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for the^[["]]city manager^[["?]] was also the demonstration leader, and major decisions affecting the City were often made outside, by Campaign leaders.

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The charts which describe the operational communications for the City and those for demonstrations are, like other charts here, averages of conditions across time. The City was always in flux, and the charts cannot show specific conditions of a single day, but rather they show approximations of conditions across many days. In addition, except for the charts in the section about "change", little weight is given to conditions during the first week or two when considerable building was occurring, and when much of the development of the City was being directed by coordinators and advisors, some from outside the Campaign.

Some of the connections in the operational communications were only tenuous, and these are shown with dotted lines. Those between the national Campaign leaders and the leaders of the Mexican-Americans, for example, were never strong. In fact, the Mexican-Americans never lived in the City, nor went to the same demonstrations, nor issued the same demands. Both a broken line and a solid line are shown connecting the Campaign leaders and the city manager. In a sense, more lines of each kind should be shown between the two, for the Campaign leaders operated as a loose committee which allowed its members to develop individual connections of varying strengths to the [[underlined]]city manager [[/underlined]] and, often, to the services of the City, as well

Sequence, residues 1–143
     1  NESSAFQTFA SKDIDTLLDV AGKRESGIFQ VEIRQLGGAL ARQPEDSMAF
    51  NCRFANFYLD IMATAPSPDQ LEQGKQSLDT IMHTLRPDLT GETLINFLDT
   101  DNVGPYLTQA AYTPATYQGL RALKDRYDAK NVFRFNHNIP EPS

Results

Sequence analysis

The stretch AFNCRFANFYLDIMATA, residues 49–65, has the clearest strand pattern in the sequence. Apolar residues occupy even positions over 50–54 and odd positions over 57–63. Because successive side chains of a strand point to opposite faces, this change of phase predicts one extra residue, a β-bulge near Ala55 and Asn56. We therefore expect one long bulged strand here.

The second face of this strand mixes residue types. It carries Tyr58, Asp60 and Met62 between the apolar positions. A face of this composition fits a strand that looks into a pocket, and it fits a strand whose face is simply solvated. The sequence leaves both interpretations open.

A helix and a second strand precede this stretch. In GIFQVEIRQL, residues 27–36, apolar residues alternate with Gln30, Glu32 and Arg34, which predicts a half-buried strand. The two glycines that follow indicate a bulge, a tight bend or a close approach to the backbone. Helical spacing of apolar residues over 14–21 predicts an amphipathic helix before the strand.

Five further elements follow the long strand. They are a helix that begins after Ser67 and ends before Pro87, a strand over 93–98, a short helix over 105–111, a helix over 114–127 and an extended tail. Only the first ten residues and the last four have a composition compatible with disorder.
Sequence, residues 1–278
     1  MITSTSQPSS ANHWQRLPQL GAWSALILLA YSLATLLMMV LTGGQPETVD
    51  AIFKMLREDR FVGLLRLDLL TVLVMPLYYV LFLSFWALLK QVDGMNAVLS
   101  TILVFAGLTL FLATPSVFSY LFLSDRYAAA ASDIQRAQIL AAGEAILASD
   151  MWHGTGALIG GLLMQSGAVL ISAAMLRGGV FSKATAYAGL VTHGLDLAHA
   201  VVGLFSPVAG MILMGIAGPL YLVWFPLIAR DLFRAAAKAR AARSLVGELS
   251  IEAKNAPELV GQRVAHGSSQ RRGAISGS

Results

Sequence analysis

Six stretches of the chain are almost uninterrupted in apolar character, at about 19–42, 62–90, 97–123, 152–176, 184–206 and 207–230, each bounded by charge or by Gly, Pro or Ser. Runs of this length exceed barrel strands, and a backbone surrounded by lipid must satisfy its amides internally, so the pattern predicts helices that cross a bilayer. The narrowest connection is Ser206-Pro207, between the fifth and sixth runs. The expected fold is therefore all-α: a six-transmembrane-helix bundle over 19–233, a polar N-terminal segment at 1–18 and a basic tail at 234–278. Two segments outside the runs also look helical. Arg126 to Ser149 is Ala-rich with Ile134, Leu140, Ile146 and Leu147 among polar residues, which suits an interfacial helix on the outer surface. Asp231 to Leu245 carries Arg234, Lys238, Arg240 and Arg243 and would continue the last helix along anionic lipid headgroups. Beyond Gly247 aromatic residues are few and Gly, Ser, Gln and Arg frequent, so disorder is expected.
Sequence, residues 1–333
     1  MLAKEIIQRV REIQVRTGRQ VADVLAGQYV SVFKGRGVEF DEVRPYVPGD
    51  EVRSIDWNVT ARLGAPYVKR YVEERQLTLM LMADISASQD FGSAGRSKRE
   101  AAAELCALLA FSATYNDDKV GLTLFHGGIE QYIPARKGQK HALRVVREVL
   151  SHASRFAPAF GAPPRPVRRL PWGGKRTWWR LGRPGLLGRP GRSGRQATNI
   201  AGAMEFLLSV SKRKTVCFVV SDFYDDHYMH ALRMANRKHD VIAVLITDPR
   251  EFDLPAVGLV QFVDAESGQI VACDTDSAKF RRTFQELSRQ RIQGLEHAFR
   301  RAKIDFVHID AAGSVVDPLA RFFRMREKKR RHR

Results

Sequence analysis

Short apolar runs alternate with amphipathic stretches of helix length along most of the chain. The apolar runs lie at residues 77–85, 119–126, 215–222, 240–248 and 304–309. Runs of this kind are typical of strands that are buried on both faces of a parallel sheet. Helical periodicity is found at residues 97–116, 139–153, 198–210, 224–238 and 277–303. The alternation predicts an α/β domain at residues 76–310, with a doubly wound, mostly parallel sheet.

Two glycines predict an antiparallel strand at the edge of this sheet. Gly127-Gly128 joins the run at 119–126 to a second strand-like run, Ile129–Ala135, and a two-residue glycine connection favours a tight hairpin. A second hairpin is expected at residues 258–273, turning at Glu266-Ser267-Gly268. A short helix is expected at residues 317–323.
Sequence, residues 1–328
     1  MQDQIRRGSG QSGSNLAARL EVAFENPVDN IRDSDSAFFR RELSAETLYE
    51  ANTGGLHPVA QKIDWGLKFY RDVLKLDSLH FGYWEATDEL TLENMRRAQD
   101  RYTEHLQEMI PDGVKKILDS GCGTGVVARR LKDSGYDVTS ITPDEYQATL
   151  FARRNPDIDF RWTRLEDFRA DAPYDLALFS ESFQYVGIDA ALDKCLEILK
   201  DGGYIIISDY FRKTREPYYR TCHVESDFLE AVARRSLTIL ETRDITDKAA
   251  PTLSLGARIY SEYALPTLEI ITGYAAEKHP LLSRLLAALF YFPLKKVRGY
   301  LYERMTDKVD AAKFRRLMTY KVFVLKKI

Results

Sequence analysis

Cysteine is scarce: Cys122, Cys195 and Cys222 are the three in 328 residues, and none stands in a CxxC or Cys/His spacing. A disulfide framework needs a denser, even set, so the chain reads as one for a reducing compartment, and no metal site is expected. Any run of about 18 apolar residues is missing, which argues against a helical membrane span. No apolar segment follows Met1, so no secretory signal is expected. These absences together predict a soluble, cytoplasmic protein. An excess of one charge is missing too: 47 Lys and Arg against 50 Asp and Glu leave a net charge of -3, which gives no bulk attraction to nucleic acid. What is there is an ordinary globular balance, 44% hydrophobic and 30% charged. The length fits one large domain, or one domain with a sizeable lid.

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Some very cohesive groups had their own very strong organization. This

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